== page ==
Skylight Confessions

Skylight Confessions

by Alice Hoffman

Paperback(REV)

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Product Details

ISBN-13: 9780316017879
Publisher: Little, Brown and Company
Publication date: 02/11/2008
Edition description: REV
Pages: 288
Sales rank: 679,742
Product dimensions: 5.30(w) x 8.10(h) x 0.80(d)
Age Range: 14 - 18 Years

About the Author

Alice Hoffman is the bestselling author of seventeen acclaimed novels, including The Ice Queen, Practical Magic, Here on Earth, The River King, Blue Diary, Illumination Night, Turtle Moon, Seventh Heaven, and At Risk, as well as the highly praised story collections Local Girls and Blackbird House.

Hometown:

Boston, Massachusetts

Date of Birth:

March 16, 1952

Place of Birth:

New York, New York

Education:

B.A., Adelphi University, 1973; M.A., Stanford University, 1974

Read an Excerpt

Skylight Confessions

A Novel
By Alice Hoffman

LITTLE, BROWN

Copyright © 2007 Alice Hoffman
All right reserved.

ISBN: 0-316-05878-5


Chapter One

Ghost Wife

SHE WAS HIS FIRST WIFE, BUT AT THE MOMENT when he first saw her she was a seventeen-year-old girl named Arlyn Singer who stood out on the front porch on an evening that seemed suspended in time. Arlyn's father had just died and the funeral dinner had ended only hours earlier. It was a somber gathering: a dozen neighbors seated around the heavy mahogany dining-room table no one had used for over a decade. Now there were pans of macaroni and cheese and a red velvet cake and a huge platter of fruit, food enough to last a month if Arlie had had an appetite.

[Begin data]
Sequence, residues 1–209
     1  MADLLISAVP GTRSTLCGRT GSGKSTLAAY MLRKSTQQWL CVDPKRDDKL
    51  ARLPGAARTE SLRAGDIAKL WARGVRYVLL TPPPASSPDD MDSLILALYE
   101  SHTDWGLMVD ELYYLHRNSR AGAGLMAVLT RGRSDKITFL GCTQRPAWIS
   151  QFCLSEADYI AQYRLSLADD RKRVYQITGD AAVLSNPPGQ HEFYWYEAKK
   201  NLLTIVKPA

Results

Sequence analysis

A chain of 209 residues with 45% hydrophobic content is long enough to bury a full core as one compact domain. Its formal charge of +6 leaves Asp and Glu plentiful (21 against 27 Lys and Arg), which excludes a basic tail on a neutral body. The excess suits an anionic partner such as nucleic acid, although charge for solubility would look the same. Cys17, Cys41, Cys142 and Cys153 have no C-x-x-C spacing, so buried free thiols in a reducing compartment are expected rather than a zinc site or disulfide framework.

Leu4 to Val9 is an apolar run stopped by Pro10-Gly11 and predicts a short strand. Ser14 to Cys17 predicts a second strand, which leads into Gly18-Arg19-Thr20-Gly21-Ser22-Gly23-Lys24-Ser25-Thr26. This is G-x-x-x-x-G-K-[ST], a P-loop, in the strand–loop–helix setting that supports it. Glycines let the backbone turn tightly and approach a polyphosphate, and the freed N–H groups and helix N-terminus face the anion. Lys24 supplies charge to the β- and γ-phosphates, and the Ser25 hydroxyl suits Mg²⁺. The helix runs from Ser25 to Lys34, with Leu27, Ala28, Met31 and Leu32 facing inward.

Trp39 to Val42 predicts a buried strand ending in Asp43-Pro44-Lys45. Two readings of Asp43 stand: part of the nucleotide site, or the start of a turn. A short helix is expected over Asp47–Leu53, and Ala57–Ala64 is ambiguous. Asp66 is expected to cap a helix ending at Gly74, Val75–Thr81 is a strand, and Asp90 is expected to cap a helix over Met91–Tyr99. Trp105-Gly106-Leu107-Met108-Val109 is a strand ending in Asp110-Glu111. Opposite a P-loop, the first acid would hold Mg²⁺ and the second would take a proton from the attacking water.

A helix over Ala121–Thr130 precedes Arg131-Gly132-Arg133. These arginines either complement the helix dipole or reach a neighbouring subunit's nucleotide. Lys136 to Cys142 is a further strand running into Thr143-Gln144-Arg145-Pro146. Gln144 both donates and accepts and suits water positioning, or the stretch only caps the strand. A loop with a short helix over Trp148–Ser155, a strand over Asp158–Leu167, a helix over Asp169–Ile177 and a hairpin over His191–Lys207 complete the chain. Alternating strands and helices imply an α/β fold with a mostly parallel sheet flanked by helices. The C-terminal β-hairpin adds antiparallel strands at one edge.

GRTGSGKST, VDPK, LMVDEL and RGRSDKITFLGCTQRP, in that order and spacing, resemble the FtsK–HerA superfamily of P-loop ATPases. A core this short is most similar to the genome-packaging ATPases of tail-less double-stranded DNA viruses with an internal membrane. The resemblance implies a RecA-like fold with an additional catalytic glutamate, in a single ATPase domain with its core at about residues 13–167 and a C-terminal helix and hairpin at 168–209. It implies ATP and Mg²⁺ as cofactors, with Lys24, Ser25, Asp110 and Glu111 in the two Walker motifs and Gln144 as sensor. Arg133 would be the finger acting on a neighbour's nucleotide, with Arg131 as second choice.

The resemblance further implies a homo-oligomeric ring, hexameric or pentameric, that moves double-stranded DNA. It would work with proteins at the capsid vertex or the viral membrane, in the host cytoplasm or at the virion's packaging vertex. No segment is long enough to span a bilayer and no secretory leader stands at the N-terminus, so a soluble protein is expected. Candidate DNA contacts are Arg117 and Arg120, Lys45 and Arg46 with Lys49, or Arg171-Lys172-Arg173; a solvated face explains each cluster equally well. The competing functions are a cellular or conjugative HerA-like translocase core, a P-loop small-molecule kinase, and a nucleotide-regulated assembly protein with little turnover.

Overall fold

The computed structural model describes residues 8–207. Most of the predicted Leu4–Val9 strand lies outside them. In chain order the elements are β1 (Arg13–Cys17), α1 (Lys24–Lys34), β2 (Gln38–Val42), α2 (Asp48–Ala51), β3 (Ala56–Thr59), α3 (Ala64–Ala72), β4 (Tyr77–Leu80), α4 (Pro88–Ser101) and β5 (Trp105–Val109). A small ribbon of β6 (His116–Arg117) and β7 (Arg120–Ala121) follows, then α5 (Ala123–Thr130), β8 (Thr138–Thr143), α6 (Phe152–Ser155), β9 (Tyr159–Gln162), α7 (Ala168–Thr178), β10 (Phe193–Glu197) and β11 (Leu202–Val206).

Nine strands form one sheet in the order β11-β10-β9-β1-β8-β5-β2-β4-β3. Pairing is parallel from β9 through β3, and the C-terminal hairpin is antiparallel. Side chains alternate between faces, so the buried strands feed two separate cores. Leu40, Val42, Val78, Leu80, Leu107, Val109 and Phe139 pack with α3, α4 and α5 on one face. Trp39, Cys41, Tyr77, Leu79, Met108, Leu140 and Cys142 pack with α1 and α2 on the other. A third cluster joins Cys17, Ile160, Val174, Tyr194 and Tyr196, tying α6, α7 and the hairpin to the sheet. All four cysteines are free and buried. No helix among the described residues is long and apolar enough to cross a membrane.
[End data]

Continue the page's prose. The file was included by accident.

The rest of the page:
Arlyn's father had been a ferryboat captain, the center of her world, especially in his last years; the captain had burned brighter in the grasp of his illness, a shining star in the dark. A usually silent man, he began to tell stories. There were tales of rocks that appeared in the dark, of mysterious reefs whose only purpose seemed to be to sink ferries, of the drowned men he'd known who had never come back. With a red crayon, he drew charts of stars that could lead a lost man home. He told of a tribe who lived on the other side of the water, in far-off Connecticut, who could sprout wings in the face of disaster. They looked like normal people until the ship went down, or the fire raged, and then they suddenly revealed themselves. Only then did they manage their escape.

On his night table there was a collection of stones the captain said he had swallowed when he was a young man; he'd gone down with a ship and had been the lone survivor. One minute he'd been standing on deck, and the next, he'd been above it all, in the sky. He'd fallen hard and fast into the surf of Connecticut, with a mouth and a belly full of stones.

When the doctor came to tell the captain there was no hope, they had a drink together and instead of ice the captain put a stone in the cups of whiskey.

It will bring you good luck, he'd told the doctor. All I want is for my daughter to be happy. That's all the luck I need.

Arlyn had sobbed at his bedside and begged her father not to leave her, but that was not an option or a choice. The last advice the captain had given her, while his voice still held out, was that the future was an unknown and unexpected country, and that Arlyn should be prepared for almost anything. She had been grief stricken as her father lay dying but now she felt weightless, the way people do when they're no longer sure they have a reason to be connected to this world. The slightest breeze could have carried her away, into the night sky, across the universe.